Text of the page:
After one week the samples were removed from the ethanol, air-dried and measured the weights using a digital balance.
The samples from each species were divided into two groups of 6 each.
One group was subjected to “unconstrained loading” and the other group to “constrained loading”.
The test specimens were conditioned at 23 /-20C and 50 /-5% relative humidity for 40hr prior to testing
The test was conducted in a standard laboratory atmosphere of 23 /-20C and 50 /-5% relative humidity.
Unconstrained loading:
Unconstrained loading test was conducted on 6 samples each from cows and pigs.
The sample was placed in a flat surface in a material testing machine and compressed using a flat ended surface of 25mm diameter at a rate of 0.5mm/min. (ASTM D 1621 and ISO 844 Standards)
The displacement of the flat- ended surface and the applied force were measured using an LVDT and load cell.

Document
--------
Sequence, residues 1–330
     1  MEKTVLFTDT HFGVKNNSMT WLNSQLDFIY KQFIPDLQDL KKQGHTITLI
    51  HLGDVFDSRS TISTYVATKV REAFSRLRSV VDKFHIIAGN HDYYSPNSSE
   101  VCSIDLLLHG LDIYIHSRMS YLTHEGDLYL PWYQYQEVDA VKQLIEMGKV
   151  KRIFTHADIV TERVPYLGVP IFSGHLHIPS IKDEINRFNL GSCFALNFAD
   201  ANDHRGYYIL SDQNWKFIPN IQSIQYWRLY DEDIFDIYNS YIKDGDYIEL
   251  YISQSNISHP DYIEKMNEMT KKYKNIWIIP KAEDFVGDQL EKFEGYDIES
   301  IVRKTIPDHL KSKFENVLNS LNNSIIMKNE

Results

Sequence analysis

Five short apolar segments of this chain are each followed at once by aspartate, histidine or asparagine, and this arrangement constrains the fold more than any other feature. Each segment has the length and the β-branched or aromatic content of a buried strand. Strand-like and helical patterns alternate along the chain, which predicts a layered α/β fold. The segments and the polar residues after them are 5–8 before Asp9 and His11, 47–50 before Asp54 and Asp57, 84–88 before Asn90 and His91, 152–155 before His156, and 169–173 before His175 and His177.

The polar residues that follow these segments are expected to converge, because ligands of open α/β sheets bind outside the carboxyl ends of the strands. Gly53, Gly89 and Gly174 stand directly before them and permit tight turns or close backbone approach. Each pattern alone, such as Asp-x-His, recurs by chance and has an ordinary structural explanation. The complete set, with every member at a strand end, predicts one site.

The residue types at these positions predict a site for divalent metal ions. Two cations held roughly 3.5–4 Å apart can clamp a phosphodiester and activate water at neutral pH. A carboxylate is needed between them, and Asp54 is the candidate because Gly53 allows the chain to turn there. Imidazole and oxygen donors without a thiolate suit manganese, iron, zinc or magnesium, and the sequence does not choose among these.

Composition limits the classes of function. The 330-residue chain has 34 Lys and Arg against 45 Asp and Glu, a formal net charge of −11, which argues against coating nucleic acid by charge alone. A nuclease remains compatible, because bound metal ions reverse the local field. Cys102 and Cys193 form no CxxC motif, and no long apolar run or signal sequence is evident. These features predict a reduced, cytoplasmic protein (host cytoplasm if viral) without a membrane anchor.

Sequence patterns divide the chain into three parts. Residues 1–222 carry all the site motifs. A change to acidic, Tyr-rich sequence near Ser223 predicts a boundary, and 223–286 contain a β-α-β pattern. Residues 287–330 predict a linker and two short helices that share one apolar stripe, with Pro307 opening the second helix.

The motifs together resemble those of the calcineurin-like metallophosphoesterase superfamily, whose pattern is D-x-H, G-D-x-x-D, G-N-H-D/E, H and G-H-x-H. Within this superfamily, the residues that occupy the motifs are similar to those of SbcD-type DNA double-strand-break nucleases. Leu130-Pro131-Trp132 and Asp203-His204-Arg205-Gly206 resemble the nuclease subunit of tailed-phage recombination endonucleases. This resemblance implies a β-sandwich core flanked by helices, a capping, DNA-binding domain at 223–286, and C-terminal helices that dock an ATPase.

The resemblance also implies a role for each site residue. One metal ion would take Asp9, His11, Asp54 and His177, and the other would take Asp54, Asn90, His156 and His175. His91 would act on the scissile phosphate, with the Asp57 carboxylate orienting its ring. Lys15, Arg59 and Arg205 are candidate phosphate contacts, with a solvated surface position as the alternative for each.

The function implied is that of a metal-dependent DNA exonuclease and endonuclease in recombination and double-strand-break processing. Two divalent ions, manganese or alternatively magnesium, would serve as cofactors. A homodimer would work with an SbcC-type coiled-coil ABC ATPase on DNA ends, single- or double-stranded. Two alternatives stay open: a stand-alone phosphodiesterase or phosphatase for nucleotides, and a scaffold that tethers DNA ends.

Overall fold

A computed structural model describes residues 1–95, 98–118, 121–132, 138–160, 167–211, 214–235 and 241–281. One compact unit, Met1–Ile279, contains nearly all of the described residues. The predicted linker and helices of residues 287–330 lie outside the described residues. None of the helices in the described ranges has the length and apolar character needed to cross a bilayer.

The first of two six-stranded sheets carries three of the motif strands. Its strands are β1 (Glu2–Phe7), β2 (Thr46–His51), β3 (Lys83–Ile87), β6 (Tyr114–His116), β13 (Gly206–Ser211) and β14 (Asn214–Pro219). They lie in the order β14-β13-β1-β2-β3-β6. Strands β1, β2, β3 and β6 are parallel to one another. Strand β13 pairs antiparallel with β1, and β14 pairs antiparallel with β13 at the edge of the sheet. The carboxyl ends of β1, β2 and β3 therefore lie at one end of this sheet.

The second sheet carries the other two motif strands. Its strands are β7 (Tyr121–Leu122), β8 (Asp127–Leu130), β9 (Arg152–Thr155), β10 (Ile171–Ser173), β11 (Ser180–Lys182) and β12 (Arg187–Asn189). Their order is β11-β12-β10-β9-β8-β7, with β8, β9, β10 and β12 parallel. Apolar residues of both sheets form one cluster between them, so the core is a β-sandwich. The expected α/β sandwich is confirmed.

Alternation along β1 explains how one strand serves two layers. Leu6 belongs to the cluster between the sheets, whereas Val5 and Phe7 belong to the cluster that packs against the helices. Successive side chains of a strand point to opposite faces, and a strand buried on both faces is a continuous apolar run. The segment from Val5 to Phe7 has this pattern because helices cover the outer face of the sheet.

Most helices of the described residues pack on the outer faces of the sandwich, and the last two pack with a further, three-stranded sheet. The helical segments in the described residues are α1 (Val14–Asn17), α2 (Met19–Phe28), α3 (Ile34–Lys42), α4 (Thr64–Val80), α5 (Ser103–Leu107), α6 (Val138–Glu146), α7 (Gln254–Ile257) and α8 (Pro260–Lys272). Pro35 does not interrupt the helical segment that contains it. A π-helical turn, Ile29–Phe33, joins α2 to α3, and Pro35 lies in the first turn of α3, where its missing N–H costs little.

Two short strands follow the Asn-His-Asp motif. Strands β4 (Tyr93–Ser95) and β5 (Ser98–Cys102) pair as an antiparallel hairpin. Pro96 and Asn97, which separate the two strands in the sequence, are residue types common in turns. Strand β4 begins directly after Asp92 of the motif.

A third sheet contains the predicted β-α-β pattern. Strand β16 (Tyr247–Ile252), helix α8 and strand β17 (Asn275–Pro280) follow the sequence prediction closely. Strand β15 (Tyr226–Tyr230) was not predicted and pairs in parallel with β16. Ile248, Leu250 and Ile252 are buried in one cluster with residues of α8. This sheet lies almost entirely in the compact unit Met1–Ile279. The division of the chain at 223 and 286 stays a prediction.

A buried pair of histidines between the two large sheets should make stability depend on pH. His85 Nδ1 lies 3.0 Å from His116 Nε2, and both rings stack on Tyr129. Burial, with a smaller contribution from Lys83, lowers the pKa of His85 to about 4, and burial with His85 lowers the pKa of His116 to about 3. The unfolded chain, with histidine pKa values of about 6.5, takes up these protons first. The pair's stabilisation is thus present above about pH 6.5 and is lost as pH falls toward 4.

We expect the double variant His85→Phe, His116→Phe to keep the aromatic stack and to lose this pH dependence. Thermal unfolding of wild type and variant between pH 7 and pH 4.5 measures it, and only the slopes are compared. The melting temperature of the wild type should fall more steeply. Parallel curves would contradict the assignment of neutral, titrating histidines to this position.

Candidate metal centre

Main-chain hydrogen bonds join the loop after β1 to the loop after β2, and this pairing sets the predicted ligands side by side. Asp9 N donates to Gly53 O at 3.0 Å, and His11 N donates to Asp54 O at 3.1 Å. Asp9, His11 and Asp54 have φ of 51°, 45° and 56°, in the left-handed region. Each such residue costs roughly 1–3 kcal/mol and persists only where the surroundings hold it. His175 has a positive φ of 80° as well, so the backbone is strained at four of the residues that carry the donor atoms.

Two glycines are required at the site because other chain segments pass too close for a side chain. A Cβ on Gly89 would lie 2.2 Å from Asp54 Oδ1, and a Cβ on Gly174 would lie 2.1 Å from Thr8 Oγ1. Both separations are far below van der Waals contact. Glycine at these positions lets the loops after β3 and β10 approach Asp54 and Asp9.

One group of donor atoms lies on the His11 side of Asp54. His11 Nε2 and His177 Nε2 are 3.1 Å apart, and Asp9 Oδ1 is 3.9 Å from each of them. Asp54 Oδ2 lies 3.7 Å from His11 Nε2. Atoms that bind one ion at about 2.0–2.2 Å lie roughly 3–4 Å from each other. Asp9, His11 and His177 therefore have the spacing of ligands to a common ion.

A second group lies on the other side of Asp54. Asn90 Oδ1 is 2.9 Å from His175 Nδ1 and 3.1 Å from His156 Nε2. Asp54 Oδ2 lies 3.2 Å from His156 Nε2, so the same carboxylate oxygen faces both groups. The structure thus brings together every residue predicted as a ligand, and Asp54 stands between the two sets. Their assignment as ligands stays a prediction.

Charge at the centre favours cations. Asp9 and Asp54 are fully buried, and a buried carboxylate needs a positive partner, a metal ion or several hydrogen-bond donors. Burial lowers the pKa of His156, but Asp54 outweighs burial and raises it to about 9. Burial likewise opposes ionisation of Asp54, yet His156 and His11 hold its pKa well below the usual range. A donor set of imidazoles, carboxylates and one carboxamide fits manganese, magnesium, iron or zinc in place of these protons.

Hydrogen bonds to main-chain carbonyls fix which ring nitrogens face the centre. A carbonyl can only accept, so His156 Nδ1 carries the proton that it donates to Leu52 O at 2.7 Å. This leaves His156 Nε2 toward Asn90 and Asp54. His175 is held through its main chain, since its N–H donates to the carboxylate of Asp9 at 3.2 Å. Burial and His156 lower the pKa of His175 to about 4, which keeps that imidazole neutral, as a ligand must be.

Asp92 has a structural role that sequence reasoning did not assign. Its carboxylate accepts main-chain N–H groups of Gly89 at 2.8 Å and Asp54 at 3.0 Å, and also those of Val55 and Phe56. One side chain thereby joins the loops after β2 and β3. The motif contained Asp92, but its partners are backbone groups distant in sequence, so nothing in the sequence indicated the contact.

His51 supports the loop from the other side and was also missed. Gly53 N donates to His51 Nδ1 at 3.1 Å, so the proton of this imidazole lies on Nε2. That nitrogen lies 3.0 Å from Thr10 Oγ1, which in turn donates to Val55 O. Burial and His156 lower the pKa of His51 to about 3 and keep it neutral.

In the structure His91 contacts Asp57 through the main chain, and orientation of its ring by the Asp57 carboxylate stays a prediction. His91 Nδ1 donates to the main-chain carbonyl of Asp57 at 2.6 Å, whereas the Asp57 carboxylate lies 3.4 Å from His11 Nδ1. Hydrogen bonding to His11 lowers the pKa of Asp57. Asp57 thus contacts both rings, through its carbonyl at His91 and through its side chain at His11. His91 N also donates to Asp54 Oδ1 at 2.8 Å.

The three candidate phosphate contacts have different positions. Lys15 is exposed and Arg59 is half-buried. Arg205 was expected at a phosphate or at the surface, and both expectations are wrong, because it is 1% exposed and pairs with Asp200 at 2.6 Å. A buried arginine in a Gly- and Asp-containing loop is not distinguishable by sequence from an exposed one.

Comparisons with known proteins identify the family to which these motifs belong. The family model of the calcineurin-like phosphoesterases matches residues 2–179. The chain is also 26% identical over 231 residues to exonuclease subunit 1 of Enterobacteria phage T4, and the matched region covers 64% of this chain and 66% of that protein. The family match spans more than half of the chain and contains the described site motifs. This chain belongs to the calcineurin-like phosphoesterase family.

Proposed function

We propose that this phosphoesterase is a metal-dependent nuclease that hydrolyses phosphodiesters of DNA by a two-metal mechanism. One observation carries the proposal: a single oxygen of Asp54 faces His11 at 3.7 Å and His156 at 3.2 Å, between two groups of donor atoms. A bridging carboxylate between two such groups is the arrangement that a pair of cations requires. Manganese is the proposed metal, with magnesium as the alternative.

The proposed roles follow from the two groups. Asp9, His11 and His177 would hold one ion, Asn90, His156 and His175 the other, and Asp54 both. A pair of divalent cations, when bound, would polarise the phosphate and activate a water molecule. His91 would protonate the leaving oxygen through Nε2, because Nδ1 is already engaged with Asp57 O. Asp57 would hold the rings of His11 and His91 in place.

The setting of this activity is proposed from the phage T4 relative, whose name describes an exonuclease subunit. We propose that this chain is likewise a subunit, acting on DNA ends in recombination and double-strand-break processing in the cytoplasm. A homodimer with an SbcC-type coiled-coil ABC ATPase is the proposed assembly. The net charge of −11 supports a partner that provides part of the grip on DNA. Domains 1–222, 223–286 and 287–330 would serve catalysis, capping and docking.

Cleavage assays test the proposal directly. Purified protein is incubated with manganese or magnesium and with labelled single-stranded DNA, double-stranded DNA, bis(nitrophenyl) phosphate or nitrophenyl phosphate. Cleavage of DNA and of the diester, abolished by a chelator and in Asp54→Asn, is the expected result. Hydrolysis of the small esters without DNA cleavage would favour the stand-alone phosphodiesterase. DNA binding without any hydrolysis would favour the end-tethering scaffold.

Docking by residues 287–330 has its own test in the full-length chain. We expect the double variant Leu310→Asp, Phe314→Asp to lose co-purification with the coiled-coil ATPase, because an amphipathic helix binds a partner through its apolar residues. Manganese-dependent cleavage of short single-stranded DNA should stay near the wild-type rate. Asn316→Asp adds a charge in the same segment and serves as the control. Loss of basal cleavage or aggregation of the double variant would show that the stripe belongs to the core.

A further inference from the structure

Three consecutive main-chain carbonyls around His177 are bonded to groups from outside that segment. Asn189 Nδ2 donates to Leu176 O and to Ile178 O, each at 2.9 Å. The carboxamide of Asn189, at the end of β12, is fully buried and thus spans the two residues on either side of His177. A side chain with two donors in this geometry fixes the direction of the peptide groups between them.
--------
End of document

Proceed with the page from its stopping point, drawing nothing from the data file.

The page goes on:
The displacement and force were digitally sampled at a frequency of 5Hz and stored on a PC.
Testing was continued until a yield point or a deformation of approximately 0.65mm was reached. (ASTM D 1621 and ISO 844 Standards)
Constrained loading:
Constrained loading was conducted on 6 samples each of bovine and porcine.
The sample was placed within an aluminum cylinder with an internal diameter of 9mm and a height of 5mm.
The cylinder with sample was placed on a flat surface in a material testing machine and was compressed using a flat-ended surface of diameter 8.9mm at a rate of 0.5mm/min. (ASTM D 1621 and ISO 844 Standards)
The displacement of the flat- ended surface and the applied force were measured using an LVDT and load cell.
The displacement and force were digitally sampled at a frequency of 5Hz and stored on a PC.
Result All the data collected arranged in the EXCEL data sheet; in there consisted of force and displacement data for all 24 samples. In that 12 sample for bovine and other 12 samples for porcine, both had constrained and unconstrained loading. The stress and strain for each sample at different times were calculated using the below formula or given EXCEL formulary.